Existing home sales plunged nearly 18% in April to a 10-year low, the National Association of Realtors said on Thursday. A separate morsel of information in the Association’s report, though, might shock as much as depressed sales do – home prices are going up.
According to the NAR, the median price of previously owned homes rose 7.4% in April to $286,800. This compares to $267,000 a year ago. Last month’s increase marks the 98 straight month – nearly 9 years – of year-over-year gains, the NAR states.
Why are home prices growing if the larger U.S. economy is roiling in the negative effects of the coronavirus, which has triggered nearly 40 million unemployment claims in the span of just two months?
On a very fundamental level, in mostly any economic sector, prices are a reflection of supply and demand. While the virus outbreak tempered both, it slashed the former deeper than the latter. Sellers pulled away from the market in larger droves than buyers.
New listings, a key metric of available stock for sale, dropped almost in half in mid-April, according to real estate brokerage Redfin RDFN. Even though more homes have arrived on the market since then, supply remains constrained.
This means that the home shoppers who keep searching have to vie for fewer listings than expected earlier in the spring selling season. Thus, amid the coronavirus, the steep drop in the housing inventory has boosted prices.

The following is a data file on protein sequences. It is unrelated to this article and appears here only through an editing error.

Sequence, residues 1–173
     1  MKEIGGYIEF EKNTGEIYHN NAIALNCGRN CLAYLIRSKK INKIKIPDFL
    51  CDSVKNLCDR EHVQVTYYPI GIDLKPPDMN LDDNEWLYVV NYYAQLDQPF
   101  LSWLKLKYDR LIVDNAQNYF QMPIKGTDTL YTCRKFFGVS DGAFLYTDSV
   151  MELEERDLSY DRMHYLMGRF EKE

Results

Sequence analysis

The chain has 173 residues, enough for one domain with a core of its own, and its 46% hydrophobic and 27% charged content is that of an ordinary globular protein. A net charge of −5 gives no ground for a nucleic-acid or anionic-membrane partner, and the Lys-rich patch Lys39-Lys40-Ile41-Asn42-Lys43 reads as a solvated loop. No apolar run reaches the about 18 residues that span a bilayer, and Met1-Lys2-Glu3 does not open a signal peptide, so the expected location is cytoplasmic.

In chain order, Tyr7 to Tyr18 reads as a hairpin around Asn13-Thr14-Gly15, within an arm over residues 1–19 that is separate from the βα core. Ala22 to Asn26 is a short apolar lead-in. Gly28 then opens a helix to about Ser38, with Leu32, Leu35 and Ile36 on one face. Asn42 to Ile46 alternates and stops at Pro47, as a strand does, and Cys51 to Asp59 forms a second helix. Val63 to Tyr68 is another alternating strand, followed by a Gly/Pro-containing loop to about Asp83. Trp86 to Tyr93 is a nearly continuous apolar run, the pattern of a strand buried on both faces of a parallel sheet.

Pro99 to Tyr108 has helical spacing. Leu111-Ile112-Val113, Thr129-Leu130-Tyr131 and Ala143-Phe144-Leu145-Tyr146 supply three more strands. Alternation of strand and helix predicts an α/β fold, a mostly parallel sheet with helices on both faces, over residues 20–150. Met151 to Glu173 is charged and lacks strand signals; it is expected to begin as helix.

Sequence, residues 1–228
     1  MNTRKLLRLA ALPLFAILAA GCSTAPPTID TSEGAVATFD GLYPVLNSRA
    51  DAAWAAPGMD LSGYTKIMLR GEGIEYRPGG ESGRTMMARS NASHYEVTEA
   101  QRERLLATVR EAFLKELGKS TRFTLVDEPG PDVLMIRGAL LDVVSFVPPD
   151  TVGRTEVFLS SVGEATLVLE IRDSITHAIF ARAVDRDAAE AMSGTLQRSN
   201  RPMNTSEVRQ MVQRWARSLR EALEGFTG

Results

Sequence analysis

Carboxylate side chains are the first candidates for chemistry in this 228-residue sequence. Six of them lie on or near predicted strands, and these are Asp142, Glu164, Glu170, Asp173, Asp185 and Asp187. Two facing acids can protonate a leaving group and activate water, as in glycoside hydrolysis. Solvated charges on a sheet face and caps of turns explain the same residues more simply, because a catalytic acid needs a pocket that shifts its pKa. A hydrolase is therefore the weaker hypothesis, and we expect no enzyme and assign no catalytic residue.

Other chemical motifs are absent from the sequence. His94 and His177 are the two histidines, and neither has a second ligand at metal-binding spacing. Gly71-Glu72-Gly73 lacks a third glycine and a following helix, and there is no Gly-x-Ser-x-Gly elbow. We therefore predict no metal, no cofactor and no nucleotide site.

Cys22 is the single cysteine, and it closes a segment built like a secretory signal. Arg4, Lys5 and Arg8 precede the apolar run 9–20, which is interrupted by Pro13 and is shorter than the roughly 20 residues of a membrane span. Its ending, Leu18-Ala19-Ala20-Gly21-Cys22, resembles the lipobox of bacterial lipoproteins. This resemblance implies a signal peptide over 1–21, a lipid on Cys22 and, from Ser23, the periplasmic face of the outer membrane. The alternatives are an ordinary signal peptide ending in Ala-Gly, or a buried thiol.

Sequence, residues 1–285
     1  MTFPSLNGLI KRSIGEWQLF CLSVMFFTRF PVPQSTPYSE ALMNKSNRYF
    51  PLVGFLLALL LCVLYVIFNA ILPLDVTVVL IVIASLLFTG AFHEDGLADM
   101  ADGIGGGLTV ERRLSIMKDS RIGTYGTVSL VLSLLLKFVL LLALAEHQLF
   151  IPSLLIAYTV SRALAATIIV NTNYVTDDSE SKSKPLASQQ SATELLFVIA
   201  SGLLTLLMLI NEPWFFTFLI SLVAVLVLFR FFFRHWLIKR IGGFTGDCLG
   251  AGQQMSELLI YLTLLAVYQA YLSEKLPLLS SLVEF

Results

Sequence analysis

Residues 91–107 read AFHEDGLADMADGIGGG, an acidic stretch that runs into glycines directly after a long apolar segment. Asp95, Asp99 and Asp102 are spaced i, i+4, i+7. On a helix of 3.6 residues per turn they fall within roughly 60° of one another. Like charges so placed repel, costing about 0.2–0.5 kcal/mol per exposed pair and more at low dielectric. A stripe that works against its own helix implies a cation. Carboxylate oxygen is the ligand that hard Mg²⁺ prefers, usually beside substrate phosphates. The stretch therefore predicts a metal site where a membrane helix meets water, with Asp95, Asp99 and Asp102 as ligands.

The current circumstances, though, are unique in that they prompted sellers to hastily flee to the sidelines. In regular economic downturns, buyers are usually the first to retreat, a behavior that leads to oversupply and low prices.
“One of the things that is interesting is how this virus today is almost shifting the normal dynamics, even in the near term,” Javier Vivas, director of economic research at told me recently. “The fact that sellers actually are reacting before buyers makes this a very odd time of the year.”,
This reversed movement contrasts with the housing market dynamic during the Great Recession, which actually originated in the real estate segment, which was plagued by sub-prime mortgages that fueled a frenzied buying activity. Once the bubble burst, though, home prices deflated.
Yet, historically, not all downturns prompt home prices to decline. In fact, in the five recessions between 1980 and 2010, prices dropped during only two of them. Because of that, the housing market often serves as a lever of economic recovery, not a switch against it (as was the case 10 years ago).
While today’s price gains might be good news for the long-term state of real estate and the U.S. economy, they are hardly a balm for home buyers, who are now entering bidding wars in some cities.
“More listings and increased home construction will be needed to tame price growth,” said the NAR’s Chief Economist Lawrence Yun.